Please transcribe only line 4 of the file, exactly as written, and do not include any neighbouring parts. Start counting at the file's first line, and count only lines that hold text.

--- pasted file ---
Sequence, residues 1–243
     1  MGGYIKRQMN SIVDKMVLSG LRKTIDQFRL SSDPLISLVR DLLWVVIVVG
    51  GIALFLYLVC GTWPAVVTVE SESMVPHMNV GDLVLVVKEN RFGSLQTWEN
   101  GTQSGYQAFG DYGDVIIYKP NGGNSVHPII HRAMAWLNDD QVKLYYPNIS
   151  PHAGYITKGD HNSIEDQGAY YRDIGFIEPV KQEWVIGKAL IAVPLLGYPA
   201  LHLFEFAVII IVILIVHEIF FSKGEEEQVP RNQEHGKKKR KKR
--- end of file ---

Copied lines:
   101  GTQSGYQAFG DYGDVIIYKP NGGNSVHPII HRAMAWLNDD QVKLYYPNIS